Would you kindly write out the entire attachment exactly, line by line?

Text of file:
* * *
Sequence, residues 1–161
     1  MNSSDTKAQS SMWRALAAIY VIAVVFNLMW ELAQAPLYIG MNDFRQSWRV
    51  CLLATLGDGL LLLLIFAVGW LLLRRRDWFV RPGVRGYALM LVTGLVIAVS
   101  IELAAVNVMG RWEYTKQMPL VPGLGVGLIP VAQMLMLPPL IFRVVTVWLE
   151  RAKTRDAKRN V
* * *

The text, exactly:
Sequence, residues 1–161
     1  MNSSDTKAQS SMWRALAAIY VIAVVFNLMW ELAQAPLYIG MNDFRQSWRV
    51  CLLATLGDGL LLLLIFAVGW LLLRRRDWFV RPGVRGYALM LVTGLVIAVS
   101  IELAAVNVMG RWEYTKQMPL VPGLGVGLIP VAQMLMLPPL IFRVVTVWLE
   151  RAKTRDAKRN V